High-speed loading of structured FieldsFiles.
Deprecated since version 1.10: This module has now been deprecated. Please use iris.fileformats.um.structured_um_loading instead.
In this module:
Load structured FieldsFiles and PP files.
One or more filenames.
This is a streamlined load operation, to be used only on fieldsfiles or PP files whose fields repeat regularly over the same vertical levels and times. The results aim to be equivalent to those generated by iris.load(), but the operation is substantially faster for input that is structured.
The structured input files should conform to the following requirements:
the file must contain fields for all possible combinations of the vertical levels and time points found in the file.
the fields must occur in a regular repeating order within the file.
(For example: a sequence of fields for NV vertical levels, repeated for NP different forecast periods, repeated for NT different forecast times).
all other metadata must be identical across all fields of the same phenomenon.
Each group of fields with the same values of LBUSER4, LBUSER7 and LBPROC is identified as a separate phenomenon: These groups are processed independently and returned as separate result cubes.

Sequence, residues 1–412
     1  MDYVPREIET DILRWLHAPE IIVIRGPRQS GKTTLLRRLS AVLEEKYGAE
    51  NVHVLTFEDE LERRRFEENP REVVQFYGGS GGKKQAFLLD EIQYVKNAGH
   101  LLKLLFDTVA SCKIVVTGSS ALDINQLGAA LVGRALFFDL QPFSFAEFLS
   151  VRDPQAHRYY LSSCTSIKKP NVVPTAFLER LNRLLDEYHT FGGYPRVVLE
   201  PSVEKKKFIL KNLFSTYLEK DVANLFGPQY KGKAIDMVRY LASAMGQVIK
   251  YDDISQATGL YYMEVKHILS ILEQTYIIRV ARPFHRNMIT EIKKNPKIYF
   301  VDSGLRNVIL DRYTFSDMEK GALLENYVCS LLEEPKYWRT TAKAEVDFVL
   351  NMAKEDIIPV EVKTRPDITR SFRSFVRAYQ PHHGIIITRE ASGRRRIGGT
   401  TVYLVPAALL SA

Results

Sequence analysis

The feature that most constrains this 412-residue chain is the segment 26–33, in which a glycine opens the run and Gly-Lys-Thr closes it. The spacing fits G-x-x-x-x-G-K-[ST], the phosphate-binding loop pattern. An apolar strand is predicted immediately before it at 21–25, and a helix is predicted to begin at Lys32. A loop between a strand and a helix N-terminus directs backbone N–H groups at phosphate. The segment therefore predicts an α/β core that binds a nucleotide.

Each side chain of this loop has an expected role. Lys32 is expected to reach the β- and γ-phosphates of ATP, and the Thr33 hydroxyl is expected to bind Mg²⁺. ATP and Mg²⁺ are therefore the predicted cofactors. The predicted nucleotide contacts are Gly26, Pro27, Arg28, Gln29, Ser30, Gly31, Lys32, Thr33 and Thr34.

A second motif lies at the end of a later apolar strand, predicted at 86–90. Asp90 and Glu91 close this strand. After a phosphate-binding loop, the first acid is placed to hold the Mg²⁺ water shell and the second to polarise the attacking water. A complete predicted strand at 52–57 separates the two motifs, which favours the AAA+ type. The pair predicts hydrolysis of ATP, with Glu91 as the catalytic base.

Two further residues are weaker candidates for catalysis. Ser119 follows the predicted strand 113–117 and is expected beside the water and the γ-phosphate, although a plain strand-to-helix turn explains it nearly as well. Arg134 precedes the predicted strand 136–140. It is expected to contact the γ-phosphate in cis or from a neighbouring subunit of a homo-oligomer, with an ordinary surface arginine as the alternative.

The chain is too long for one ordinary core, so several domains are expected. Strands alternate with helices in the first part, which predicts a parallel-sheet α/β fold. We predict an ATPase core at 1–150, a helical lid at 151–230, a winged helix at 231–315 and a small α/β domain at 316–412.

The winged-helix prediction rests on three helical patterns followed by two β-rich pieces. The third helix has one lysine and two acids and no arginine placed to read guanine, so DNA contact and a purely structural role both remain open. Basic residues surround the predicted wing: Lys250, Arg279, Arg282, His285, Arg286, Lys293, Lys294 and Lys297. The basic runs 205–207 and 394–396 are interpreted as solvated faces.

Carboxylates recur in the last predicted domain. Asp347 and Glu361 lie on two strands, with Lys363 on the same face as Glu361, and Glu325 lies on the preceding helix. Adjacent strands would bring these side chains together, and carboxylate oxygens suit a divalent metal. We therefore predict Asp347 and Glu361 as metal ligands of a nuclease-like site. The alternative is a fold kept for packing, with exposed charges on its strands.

Each input file is loaded independently. Thus a single result cube can not combine data from multiple input files.
The resulting time-related coordinates (‘time’, ‘forecast_time’ and ‘forecast_period’) may be mapped to shared cube dimensions and in some cases can also be multidimensional. However, the vertical level information must have a simple one-dimensional structure, independent of the time points, otherwise an error will be raised.
Where input data does not have a fully regular arrangement, the corresponding result cube will have a single anonymous extra dimension which indexes over all the input fields.
This can happen if, for example, some fields are missing; or have slightly different metadata; or appear out of order in the file.
Any non-regular metadata variation in the input should be strictly avoided, as not all irregularities are detected, which can cause erroneous results.